Table VI describes, in tabular form, the relationship between the output pulses and the states of the respective flipflop circuit stages of such a three-bit counter. The underlined digits in each case designate which of the flip-flop circuit stages have been decoded.
TABLE VI Fllp-flop circuit stages Output llnes From Table VI, it can also be observed that the output pulses appearing over the output lines 40, 42, 44 and 46 respectively occur at time intervals 4'10, 4n+1, 8n+2, and 8n+3. It can further be n+the smaller the number of bit positions, or flip-flop circuit states that are decoded, the faster will be the rate at which output pulses will occur. More specifically, it can be now stated as a general rule that the decoding of m bit positions, or flip-flop circuit stages, where m is any integer starting with zero, will yield an output pulse rate of W" times the clock pulse rate. It can be further stated as a general rule that the particular combined states of the decoded bit positions serve to define the phase times, within a complete counter cycle, at which output pulses will be derived.
Using these general rules as a basis, a notation scheme can be devised wherein a single multibit binary number or word is used to define or designate the number of bit positions, or flipflop circuit stages, that are to be decoded in order to derive output pulses at a particular pulse rate and at particular phase times in a cycle. Such multibit binary words are hereinafter referred to as phase/rate" syllables and would include, in a simplified example, one bit position more than the number of bit positions to be decoded. This additional or extra bit position would be situated at the most significant bit position of the phase/rate syllable and would always be a l bit. For example, with reference to Table V], if two bit positions are to be decoded to provide output pulses at time intervals 4n+l then the phase/rate syllable would be written as 101. Similarly, if output pulses were desired at time intervals 8n+3, then the phase/rate syllable would be written as 101 1.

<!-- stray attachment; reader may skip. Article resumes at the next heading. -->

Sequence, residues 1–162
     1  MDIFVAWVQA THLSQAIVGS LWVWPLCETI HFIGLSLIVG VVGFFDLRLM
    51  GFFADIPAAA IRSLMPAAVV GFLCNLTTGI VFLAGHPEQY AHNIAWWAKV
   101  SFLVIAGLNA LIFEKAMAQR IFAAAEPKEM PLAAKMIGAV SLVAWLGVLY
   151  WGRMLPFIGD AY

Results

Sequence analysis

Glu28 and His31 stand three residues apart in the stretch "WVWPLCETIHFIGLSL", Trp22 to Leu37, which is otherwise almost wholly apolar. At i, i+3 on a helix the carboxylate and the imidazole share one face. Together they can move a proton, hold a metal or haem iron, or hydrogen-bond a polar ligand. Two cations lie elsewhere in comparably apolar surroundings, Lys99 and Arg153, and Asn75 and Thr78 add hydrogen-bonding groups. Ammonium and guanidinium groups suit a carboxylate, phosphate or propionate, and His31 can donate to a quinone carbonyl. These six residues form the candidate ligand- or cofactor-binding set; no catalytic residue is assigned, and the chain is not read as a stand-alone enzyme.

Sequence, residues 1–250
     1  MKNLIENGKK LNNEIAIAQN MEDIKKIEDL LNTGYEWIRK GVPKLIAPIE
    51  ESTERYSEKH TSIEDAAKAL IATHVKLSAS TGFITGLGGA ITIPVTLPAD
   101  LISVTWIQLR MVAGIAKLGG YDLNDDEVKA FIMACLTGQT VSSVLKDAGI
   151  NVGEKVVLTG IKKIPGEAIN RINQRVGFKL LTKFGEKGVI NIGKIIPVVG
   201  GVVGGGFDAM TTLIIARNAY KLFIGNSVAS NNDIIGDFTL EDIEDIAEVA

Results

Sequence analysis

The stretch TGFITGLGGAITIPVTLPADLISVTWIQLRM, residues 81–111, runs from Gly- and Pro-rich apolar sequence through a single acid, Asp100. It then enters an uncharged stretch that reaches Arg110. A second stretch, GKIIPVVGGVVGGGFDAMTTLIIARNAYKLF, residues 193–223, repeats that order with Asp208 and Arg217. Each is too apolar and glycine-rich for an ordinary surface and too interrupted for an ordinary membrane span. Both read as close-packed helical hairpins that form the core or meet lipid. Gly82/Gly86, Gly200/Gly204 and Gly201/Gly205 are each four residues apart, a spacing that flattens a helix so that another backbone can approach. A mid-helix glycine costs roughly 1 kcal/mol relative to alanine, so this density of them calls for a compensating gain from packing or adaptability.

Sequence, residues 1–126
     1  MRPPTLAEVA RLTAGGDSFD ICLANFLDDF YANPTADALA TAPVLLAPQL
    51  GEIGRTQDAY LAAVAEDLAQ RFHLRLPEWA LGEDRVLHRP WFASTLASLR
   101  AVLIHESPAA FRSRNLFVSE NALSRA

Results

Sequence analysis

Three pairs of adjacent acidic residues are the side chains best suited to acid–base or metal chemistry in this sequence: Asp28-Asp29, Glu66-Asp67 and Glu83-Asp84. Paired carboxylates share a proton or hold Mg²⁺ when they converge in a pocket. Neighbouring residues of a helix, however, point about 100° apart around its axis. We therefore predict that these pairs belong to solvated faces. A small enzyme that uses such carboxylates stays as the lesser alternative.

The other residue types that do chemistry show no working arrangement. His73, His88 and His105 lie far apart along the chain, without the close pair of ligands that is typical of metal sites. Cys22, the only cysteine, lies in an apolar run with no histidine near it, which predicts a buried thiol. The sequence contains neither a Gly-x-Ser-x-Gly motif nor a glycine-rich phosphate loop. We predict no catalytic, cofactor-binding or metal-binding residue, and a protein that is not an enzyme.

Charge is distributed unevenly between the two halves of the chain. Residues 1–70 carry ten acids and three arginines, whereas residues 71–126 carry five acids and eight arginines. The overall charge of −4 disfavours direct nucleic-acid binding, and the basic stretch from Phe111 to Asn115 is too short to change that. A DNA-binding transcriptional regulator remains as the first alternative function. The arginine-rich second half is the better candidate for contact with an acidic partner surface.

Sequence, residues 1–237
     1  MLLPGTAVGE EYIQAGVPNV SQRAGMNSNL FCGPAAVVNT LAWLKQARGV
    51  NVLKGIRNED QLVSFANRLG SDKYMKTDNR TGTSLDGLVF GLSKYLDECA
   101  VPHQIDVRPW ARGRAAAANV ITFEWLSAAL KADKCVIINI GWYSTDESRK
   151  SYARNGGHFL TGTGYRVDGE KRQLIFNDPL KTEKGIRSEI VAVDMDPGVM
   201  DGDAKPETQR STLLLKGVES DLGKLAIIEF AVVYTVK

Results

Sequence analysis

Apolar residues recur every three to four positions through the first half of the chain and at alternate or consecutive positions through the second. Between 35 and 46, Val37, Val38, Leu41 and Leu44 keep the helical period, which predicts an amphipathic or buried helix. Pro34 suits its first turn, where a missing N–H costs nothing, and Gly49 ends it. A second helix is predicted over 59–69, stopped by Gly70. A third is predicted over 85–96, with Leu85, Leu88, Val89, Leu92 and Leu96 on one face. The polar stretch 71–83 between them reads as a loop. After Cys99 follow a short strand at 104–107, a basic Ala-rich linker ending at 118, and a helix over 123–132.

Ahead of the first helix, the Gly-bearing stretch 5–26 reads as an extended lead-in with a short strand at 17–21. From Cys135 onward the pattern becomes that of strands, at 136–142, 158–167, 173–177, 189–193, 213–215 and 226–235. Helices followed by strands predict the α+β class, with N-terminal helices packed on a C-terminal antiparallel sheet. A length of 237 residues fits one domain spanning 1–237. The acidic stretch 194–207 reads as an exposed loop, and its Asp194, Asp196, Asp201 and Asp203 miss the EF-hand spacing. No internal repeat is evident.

This notation scheme can be more generally applied to phase/rate syllables including a number of bits that is greater than the minimum number required to define output pulses which have a particular pulse rate and which occur at particular phase times in a cycle. Such greater numbers of bits would be used to make available a larger selection of output pulse rates. Reconsidering the previous simplified examples, if a phase/rate syllable were to include 9 bits, then output pulses occurring at time intervals 4n+1 would be defined by a phase/rate syllable written as 000000101 and output pulses occurring at time intervals 8n+3 would be defined by a phase/rate syllable written as 00000101 1.
More generally stated, the notation scheme requires that phase/rate syllables include a l bit in the 2 bit position, where m flip-flop circuit stages are to be decoded, in order to derive output pulses at a rate of times the clock pulse rate. Refen'ing to the earlier discussed phase/rate syllable, 000001011, as an example, a 1" bit appears at the 2 3 bit position in that three flip-flop circuit stages must be decoded in order to derive output pulses having a rate of one-eighth (h) the counter clock pulse rate.
It is to be noted that where phase/rate syllables including more than the minimum required number of bits are used, the least significant bit positions are employed to designate the number of flip-flop circuit stages to be decoded and, as such, to define the rate and phase of the derived output pulses. The remaining more significant bit positions are maintained as bits.